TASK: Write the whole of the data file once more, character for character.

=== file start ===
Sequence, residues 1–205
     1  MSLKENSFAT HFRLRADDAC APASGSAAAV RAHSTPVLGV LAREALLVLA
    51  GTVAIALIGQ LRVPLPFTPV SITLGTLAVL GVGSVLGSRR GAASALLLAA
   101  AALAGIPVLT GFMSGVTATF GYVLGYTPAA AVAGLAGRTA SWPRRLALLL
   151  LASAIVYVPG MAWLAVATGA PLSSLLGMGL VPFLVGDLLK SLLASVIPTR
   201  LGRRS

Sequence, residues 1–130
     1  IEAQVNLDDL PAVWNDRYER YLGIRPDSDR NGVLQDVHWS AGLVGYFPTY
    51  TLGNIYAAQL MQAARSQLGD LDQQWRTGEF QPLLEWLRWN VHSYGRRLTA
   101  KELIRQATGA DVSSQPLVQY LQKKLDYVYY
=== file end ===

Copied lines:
Sequence, residues 1–205
     1  MSLKENSFAT HFRLRADDAC APASGSAAAV RAHSTPVLGV LAREALLVLA
    51  GTVAIALIGQ LRVPLPFTPV SITLGTLAVL GVGSVLGSRR GAASALLLAA
   101  AALAGIPVLT GFMSGVTATF GYVLGYTPAA AVAGLAGRTA SWPRRLALLL
   151  LASAIVYVPG MAWLAVATGA PLSSLLGMGL VPFLVGDLLK SLLASVIPTR
   201  LGRRS

Sequence, residues 1–130
     1  IEAQVNLDDL PAVWNDRYER YLGIRPDSDR NGVLQDVHWS AGLVGYFPTY
    51  TLGNIYAAQL MQAARSQLGD LDQQWRTGEF QPLLEWLRWN VHSYGRRLTA
   101  KELIRQATGA DVSSQPLVQY LQKKLDYVYY